Friday, October 08, 2021

the Gütersloh connection

Finally, to the last and most elusive one of my four railwaymen ancestors (unrelated to each other). He now has a CV of sorts, thanks to a very helpful relative who could fill in a couple of gaps in my info. While the other three had managerial / office roles, this one was an actual railway worker, presumably getting his hands dirty on the job.

Johann Anton Lütkemeyer was born in the small, very catholic town of Schwaney in 1843. The Lütkemeyers and associated families can be traced back in Schwaney until the Thirty Years War, i.e. early 17th century (eg here). While a cousin married into this farm, which remained in Lütkemeyer hands through to the 21th century, Johann Anton moved to Gütersloh to work on the railways there. Opened in 1847, Gütersloh station was a reasonably important stop on the Cologne-Minden line, one of the first long-distance lines to be completed (still in service today - I actually used it last month to get from Düsseldorf to Minden).

In 1872 he married the protestant Johanna Catharina Charlotte Kosfeld (1854-1928) in Gütersloh, and he appears as a railway worker on the marriage certificate. How did he find her? Well Charlotte’s younger brother Carl Wilhelm was also a railway worker, so there may have been some convergence there, although Carl was just under 16 at the time of his sister’s wedding, so any causality may have gone the other way, ie he may have been following his brother-in-law into the railway industry.

The pair had seven children in 12 years. On the birth of the third child, the father’s job title was „Bahnwärter“ i.e. railway guard rather than worker. Sounds a bit less like hard work to me, so well done. At that point, the young family’s address was Gütersloh No. 450. No idea where in the town that was, but might be near her parents who were No. 469.

In October 1887, Johann Anton died of tuberculosis at age 44, leaving his wife with five young children. I’m hoping one of her numerous siblings, such as, eg the railway worker brother, may have helped her out a bit. She remarried a year and a half later, a paver (roadbuilder) from out of town. I was intrigued to learn just now that the paver’s father was a musicus.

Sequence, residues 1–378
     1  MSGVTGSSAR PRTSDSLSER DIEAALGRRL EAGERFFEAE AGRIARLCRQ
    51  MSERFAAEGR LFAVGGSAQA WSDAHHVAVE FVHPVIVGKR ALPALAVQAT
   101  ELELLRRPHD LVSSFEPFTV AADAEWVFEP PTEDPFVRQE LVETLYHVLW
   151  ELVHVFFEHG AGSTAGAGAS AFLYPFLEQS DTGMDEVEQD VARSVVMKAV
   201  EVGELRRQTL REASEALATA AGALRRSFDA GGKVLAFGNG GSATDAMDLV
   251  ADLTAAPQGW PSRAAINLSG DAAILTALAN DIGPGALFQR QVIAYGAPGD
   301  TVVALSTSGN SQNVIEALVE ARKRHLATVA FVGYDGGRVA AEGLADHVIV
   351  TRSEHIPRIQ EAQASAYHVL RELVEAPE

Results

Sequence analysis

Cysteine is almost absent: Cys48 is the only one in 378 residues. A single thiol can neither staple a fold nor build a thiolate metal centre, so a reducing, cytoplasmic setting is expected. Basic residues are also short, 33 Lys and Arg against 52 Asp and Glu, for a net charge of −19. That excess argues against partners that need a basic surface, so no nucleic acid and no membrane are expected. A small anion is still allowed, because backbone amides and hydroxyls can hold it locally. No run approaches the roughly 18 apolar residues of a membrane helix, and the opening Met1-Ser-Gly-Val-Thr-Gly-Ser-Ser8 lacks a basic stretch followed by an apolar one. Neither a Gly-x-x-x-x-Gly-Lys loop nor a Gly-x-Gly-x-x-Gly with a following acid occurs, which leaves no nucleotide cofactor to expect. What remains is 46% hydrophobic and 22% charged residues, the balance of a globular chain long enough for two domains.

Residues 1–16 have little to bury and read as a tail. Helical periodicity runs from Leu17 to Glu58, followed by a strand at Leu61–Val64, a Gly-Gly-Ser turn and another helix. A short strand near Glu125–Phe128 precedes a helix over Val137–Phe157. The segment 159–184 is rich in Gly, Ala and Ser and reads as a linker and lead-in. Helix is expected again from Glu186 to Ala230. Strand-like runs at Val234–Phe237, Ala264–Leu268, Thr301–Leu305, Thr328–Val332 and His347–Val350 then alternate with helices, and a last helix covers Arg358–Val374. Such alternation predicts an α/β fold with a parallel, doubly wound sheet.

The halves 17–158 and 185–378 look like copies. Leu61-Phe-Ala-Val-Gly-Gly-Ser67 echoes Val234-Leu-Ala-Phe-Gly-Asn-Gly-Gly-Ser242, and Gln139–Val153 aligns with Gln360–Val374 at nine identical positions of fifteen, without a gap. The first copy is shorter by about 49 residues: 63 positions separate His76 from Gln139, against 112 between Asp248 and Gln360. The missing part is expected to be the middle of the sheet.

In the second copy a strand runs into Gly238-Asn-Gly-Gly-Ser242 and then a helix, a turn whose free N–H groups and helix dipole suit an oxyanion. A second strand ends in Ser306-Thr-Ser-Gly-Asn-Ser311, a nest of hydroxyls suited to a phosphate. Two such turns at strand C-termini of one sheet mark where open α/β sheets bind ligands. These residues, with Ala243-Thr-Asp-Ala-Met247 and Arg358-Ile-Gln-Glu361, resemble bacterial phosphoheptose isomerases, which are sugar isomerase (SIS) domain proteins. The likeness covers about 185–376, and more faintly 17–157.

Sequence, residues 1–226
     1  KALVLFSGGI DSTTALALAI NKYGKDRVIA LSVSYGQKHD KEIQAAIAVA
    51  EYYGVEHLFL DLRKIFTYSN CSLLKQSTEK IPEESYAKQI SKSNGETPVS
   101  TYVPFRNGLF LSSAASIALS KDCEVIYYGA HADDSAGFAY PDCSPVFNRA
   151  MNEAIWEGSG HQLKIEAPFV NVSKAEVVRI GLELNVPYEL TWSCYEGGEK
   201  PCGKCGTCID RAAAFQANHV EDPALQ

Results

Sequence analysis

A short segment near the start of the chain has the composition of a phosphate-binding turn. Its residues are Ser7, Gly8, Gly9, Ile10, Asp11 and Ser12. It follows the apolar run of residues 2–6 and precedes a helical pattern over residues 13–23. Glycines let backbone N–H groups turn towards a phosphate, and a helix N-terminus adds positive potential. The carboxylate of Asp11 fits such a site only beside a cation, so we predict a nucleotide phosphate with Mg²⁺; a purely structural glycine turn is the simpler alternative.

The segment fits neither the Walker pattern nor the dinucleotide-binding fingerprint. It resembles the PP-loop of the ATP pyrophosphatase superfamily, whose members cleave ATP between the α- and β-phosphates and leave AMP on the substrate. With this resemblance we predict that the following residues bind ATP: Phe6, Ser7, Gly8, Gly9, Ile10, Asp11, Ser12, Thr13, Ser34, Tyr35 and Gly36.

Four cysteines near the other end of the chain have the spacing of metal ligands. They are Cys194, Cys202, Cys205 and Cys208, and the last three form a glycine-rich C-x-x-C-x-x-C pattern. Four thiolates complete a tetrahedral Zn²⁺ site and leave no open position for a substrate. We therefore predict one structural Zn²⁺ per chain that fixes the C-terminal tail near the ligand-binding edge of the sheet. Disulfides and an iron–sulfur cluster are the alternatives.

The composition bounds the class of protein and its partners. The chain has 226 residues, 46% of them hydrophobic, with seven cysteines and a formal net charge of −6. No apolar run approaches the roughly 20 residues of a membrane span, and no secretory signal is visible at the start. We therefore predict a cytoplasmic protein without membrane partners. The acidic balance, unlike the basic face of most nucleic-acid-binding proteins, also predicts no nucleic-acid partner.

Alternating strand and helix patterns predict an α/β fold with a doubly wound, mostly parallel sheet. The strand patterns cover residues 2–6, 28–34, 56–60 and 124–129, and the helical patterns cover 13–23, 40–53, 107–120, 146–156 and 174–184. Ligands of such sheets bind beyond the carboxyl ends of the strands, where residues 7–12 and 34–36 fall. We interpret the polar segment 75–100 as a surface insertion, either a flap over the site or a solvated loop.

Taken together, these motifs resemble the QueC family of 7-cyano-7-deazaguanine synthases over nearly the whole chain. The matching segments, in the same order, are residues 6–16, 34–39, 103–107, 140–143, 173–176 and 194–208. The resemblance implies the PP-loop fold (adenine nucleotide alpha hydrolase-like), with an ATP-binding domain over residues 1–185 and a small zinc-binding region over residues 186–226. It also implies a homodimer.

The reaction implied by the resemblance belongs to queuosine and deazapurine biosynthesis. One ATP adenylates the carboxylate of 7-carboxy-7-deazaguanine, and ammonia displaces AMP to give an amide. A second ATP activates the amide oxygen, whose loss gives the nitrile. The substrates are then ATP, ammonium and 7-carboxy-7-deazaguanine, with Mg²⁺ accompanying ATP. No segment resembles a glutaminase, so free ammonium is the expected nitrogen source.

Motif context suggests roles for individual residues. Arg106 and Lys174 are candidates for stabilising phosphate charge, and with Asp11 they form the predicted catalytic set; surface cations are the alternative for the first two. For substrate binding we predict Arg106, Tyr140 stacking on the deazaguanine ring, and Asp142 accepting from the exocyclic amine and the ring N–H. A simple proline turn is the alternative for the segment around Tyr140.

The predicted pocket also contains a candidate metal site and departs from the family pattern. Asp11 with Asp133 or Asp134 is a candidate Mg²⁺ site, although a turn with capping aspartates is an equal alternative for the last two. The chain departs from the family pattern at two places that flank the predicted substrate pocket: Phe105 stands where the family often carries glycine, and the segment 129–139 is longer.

My greatgrandmother Luise Lütkemeyer, the fourth child in the railway worker’s family, was seven when the father died. I’m wondering about her perspective on the railway connection, because, after the early loss of the railway guard father, and possibly a period of getting help from her railway worker uncle, she travelled to the end of the line, to Minden, found herself a railway employee (Heinrich Nagel), and married him (see their family portrait here). She was clearly on the right track.

Heinrich Nagel worked on the local railways at Minden, so I don't see a professional reason for him to visit Gütersloh, which is why I credited her with bridging the gap. Luise died in 1928, so there's nobody left who knew her in person and might have heard her railway story.

Some 19th century views of Gütersloh station from Wikipedia.

Update 11.10.2021: Fixed my mistranslation of the German job title Pflasterer - although it sounds a lot like plasterer, it's a very different trade and involves setting pavement stones. So I tried paver now.

Updated 15.10.2021: The railway families master post is now online.

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